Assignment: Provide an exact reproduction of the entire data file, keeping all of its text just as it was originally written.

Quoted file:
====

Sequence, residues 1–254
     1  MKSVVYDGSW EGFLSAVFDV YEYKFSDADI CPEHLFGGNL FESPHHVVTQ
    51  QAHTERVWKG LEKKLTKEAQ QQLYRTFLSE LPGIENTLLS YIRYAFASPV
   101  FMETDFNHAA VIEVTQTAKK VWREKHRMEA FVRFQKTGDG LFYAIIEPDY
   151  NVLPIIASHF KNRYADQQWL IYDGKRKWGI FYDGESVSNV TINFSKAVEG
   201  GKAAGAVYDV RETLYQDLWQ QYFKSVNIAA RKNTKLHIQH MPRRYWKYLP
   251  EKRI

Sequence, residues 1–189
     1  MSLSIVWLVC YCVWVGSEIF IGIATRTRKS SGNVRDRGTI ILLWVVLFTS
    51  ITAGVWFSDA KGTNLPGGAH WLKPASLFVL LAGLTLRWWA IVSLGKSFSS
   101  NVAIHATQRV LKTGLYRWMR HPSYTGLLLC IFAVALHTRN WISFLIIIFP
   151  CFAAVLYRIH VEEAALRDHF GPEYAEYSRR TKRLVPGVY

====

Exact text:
Sequence, residues 1–254
     1  MKSVVYDGSW EGFLSAVFDV YEYKFSDADI CPEHLFGGNL FESPHHVVTQ
    51  QAHTERVWKG LEKKLTKEAQ QQLYRTFLSE LPGIENTLLS YIRYAFASPV
   101  FMETDFNHAA VIEVTQTAKK VWREKHRMEA FVRFQKTGDG LFYAIIEPDY
   151  NVLPIIASHF KNRYADQQWL IYDGKRKWGI FYDGESVSNV TINFSKAVEG
   201  GKAAGAVYDV RETLYQDLWQ QYFKSVNIAA RKNTKLHIQH MPRRYWKYLP
   251  EKRI

Sequence, residues 1–189
     1  MSLSIVWLVC YCVWVGSEIF IGIATRTRKS SGNVRDRGTI ILLWVVLFTS
    51  ITAGVWFSDA KGTNLPGGAH WLKPASLFVL LAGLTLRWWA IVSLGKSFSS
   101  NVAIHATQRV LKTGLYRWMR HPSYTGLLLC IFAVALHTRN WISFLIIIFP
   151  CFAAVLYRIH VEEAALRDHF GPEYAEYSRR TKRLVPGVY